• It is established by law and tells us which individuals or companies must physically send tax payments to state and local treasuries.
    • The final incidence (also called economic incidence) of a tax is the final burden of that particular tax on the distribution of economic welfare in society.
      • It is also referred to as the tax burden faced by individuals in their roles as consumers, workers and investors.
    • For example, the legal incidence of corporate income taxes typically falls on companies, but the economic incidence of the tax is shifted forward to others, in the form of higher prices for consumers, lower wages for workers, reduced returns to shareholders, or some combination of the three.
    • The difference between the initial incidence and the final incidence is called tax shifting.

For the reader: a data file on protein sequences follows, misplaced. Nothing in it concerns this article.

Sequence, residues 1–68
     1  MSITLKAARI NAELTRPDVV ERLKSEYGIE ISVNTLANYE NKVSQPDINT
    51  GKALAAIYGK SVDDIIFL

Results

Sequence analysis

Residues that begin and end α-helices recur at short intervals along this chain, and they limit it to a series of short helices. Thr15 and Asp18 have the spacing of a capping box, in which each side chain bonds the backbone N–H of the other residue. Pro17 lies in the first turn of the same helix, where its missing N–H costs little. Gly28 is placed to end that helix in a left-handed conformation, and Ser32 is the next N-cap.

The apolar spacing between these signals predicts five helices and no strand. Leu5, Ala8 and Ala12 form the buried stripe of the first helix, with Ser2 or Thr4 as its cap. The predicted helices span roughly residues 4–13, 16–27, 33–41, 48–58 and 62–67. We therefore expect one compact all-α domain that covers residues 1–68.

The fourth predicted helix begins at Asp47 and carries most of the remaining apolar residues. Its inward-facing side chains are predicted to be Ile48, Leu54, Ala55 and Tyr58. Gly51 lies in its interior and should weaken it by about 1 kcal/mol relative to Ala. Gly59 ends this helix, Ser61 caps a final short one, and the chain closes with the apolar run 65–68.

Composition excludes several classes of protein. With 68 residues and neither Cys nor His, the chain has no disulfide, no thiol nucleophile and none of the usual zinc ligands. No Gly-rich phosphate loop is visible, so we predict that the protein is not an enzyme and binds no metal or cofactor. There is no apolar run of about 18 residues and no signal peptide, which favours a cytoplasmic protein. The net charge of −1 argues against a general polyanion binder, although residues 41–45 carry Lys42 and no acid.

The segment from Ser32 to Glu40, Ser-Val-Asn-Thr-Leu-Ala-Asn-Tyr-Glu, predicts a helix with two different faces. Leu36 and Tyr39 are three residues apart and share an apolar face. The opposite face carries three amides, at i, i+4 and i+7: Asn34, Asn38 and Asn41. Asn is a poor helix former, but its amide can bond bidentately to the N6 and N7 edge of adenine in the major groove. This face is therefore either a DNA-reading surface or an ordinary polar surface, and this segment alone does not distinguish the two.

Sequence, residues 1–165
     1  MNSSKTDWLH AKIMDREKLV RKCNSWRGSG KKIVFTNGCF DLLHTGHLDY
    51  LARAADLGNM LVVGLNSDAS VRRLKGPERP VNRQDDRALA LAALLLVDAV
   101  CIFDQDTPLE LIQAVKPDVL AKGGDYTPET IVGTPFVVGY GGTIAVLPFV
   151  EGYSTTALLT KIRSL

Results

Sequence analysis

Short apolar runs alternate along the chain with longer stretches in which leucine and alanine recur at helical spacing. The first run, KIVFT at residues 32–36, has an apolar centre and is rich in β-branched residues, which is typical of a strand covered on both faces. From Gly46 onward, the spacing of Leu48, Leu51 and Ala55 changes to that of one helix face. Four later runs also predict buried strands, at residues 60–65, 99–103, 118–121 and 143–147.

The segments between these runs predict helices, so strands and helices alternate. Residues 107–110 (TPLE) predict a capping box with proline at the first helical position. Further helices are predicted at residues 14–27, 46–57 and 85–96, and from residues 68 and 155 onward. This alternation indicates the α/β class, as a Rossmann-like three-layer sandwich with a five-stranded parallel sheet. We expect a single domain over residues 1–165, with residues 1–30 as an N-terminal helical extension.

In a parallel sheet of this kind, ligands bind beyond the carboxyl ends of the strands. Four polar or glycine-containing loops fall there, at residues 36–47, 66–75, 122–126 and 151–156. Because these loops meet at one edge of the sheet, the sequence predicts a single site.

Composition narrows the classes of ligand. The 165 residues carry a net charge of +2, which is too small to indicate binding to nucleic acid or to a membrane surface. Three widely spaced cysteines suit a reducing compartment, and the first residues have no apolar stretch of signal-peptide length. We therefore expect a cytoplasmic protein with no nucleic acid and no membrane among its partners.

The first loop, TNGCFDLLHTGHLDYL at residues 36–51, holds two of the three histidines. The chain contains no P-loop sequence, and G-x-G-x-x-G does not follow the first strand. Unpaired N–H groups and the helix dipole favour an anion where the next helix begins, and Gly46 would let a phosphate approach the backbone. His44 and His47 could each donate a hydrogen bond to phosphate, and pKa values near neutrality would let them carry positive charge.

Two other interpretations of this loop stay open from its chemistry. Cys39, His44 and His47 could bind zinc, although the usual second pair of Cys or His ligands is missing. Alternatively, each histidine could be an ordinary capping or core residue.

• The tax incidence depends upon the price elasticity of supply and demand.
    • If the demand for a good changes significantly with a change in price, then a good is elastic—likely a non-necessity like a new car or home goods.
    • Little to no change in demand in relation to price means a good is inelastic, and consumers will continue to purchase the good as prices go up. Examples of inelastic goods include petrol and cigarettes.
  • Taxes on inelastic goods like cigarettes shift the tax incidence to the consumer who will continue to purchase the product, despite the price increase from the tax.
  • Conversely, if a tax is levied on an elastic good, the tax incidence falls on the producer because the new price increase is likely to reduce the demand for the good.